First, small business loans can be a type of “good debt.” “Good debt” is a small liability with calculated risk, which you then leverage as an investment. Your business is an asset with the potential to appreciate in value. A small business loan allows you to do so can be a great financial tool.
Typically, small business loans offer lower interest rates than small business credit cards. If you need financing, it may be less expensive for you.
It may also be a better route than seeking out investors. Unlike investors, commercial lenders don’t want a say in how you run your business. Other than your terms of repayment, lenders don’t take a percentage of your profits.
And finally, a loan can help you build up your business’ credit history, which is separate from your personal credit history.
3 Best Small Business Loan Options to Consider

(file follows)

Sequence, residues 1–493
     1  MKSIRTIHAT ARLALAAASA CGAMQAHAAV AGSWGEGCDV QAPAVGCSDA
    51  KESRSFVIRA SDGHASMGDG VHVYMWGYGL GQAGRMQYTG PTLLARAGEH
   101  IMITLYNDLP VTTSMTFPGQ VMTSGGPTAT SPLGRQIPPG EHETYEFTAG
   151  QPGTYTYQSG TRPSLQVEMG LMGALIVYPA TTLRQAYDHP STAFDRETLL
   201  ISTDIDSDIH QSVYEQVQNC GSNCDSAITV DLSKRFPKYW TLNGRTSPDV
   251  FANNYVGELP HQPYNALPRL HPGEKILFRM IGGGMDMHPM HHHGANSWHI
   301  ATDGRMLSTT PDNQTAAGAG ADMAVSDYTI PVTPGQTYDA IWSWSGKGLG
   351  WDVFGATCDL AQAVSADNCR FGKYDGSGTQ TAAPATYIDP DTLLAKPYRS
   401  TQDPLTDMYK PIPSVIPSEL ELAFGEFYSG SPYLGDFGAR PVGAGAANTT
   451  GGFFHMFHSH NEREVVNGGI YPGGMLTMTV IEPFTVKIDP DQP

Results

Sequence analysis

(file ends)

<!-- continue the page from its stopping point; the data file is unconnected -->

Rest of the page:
If you’ve decided that getting a small business loan is right for you, here are the top three lenders you can consider in your search.
Depending on your needs and where you are in your business, one of these options might be best for you over the other two.
Even after you check out these options, though, don’t hesitate to shop around and compare rates if you know of other lenders you might want to work with.
If You’re Just Starting Out: SBA Microloan
When you’re starting your business, it can be extremely difficult to find a bank that’s willing to lend to you. The bank doesn’t have any credit history to consider when determining whether or not you’re a risky borrower (which also influences the interest rate they’ll offer you).
You can borrow up to $50,000, but the average loan in the program is $13,000. These loans are also fairly cheap with interest rates running between 8 percent and 13 percent.